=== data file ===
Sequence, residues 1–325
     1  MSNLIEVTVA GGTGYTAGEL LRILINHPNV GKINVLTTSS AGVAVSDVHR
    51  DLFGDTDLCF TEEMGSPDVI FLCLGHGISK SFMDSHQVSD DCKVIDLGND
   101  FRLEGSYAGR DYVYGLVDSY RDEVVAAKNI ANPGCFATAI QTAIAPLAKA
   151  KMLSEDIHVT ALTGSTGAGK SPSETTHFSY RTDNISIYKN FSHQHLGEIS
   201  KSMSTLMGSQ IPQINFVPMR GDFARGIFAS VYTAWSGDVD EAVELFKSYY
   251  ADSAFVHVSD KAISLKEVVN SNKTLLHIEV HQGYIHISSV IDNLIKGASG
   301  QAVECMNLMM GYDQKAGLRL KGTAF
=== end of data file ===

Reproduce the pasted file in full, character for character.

Sequence, residues 1–325
     1  MSNLIEVTVA GGTGYTAGEL LRILINHPNV GKINVLTTSS AGVAVSDVHR
    51  DLFGDTDLCF TEEMGSPDVI FLCLGHGISK SFMDSHQVSD DCKVIDLGND
   101  FRLEGSYAGR DYVYGLVDSY RDEVVAAKNI ANPGCFATAI QTAIAPLAKA
   151  KMLSEDIHVT ALTGSTGAGK SPSETTHFSY RTDNISIYKN FSHQHLGEIS
   201  KSMSTLMGSQ IPQINFVPMR GDFARGIFAS VYTAWSGDVD EAVELFKSYY
   251  ADSAFVHVSD KAISLKEVVN SNKTLLHIEV HQGYIHISSV IDNLIKGASG
   301  QAVECMNLMM GYDQKAGLRL KGTAF